These dogs now live their lives within their special reserve as they are unfortunately unfit to be put back in the wild. The dogs are observed within their enclosure so that the team at N/a’an ku sê can learn more about the social structures and behavioural patterns of these enigmatic animals. The upside to their being in captivity is that guests can get an up close and personal encounter (behind a fence of course!) with the dogs.
Wild dogs surveying their enclosure at N/a’an ku sê.
The captive population of wild dogs can also be used as an invaluable genetic reserve that may one day help to repopulate the wild with these animals. The foundation also hopes that by better understanding the way in which the African wild dog behaves they will be able to educate farmers and locals all over the country on how best to live in sympathy with the dogs.
A young male wild dog takes a breather.
(Image via AfriCat)
On the Carnivore Tour offered at the lodge you will not only learn about and see N/a’an ku sê’s pack of African wild dogs but you will also get a chance to observe (and sometimes interact with) lion, leopard, baboons, caracal and cheetahs. The tour is one-of-a-kind and is a must for conservation enthusiasts. All proceeds from these tours go straight back into helping animal conservation projects around Namibia.
AfriCat has been in operation since 1993 and in that time the organisation has been rescuing, rehabilitating and re-releasing predators onto the Okonjima nature reserve in central and northern Namibia. Here they lead natural lives until they day they move on from this world.
The foundation is only able to keep up their good work because of the money they bring in from tourists doing safaris and other activities in the park as well as through their highly effective adoption and donation programs.
Join the pack today.
(Image via AfriCat)
AfriCat release a yearly report on the status of African wild dog conservation and you can read it here and see the good work that is being done across Namibia by the foundation and other conservation groups.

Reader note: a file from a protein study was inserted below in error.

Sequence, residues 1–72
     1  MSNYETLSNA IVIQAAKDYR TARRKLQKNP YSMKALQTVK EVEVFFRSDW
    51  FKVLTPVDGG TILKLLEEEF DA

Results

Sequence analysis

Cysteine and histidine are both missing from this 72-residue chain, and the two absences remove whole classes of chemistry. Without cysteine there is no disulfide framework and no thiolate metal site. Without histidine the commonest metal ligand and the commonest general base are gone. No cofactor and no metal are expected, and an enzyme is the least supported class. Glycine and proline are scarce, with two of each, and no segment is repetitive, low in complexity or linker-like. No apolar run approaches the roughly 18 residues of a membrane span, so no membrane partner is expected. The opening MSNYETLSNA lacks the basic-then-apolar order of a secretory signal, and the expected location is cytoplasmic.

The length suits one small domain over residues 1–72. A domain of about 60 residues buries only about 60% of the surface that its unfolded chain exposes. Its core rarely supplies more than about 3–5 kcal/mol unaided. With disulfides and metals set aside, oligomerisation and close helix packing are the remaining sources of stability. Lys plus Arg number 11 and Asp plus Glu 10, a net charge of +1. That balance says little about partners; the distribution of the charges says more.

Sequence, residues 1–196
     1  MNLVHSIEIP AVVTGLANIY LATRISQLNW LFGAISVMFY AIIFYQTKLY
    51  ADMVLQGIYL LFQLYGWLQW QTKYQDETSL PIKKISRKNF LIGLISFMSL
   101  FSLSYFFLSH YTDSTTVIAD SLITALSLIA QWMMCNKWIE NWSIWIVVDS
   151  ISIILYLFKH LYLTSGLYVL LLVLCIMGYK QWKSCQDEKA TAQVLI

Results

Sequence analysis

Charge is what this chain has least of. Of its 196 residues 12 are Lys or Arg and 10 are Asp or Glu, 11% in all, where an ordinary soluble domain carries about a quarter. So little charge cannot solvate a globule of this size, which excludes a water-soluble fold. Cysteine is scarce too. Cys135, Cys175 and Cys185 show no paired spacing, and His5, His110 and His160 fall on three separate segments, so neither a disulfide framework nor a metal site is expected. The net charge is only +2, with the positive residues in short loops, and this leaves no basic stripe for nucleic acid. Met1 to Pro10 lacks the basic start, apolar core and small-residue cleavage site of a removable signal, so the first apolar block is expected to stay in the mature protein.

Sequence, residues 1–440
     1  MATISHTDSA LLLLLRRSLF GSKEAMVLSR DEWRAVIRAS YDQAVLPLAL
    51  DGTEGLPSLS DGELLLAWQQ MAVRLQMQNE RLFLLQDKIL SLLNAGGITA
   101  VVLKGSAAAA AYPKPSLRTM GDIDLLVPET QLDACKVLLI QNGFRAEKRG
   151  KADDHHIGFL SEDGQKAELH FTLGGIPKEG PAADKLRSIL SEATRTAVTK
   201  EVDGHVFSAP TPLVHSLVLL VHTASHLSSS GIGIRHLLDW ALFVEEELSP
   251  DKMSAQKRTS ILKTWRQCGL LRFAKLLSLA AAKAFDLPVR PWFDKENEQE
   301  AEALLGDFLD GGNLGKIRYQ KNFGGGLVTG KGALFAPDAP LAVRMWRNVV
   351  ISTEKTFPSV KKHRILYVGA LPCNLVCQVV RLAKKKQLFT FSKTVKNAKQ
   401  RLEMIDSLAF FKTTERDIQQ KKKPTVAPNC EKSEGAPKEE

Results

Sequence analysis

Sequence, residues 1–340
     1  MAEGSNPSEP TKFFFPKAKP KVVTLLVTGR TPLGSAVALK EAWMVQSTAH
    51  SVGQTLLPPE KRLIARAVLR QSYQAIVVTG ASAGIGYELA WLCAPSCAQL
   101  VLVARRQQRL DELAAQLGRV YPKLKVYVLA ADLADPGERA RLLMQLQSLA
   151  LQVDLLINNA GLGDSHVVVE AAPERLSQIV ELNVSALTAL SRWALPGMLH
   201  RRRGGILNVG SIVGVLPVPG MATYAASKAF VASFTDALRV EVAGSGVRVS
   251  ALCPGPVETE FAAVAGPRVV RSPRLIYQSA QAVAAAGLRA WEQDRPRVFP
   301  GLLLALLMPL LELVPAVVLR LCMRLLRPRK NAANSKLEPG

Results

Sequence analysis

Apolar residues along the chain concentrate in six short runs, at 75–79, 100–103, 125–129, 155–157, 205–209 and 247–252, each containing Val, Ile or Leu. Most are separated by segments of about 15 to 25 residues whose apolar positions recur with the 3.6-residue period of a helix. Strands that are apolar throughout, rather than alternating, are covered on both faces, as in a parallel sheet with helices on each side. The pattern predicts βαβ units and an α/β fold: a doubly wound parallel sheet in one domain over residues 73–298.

A unique challenge in the conservation of wild dogs is that a pack needs vast tracts of land in which to roam in order to survive and thrive. Most national parks in Africa, however, are too small for this and as a result many of the packs roam onto unprotected land and farmlands.
The resulting human/animal conflicts that result from the roaming packs of wild dogs have been largely responsible for the rapid decline in their numbers over the last few decades. The wild dog also suffers from a bad (and ungrounded) reputation of being a ferocious killer and as such is often hunted without mercy by overzealous farmers trying to protect their livestock.
Here’s looking at you!
(Image via William Burrard-Lucas via WWF)
Through organisations like AfriCat and N/a’an ku sê we can all help in reversing the decline in their numbers and ensure that future generations will be able to witness these remarkable beasts in their natural environments.
Whether you donate your time or your money both are completely appreciated and welcome.
A lone male looks to the horizon.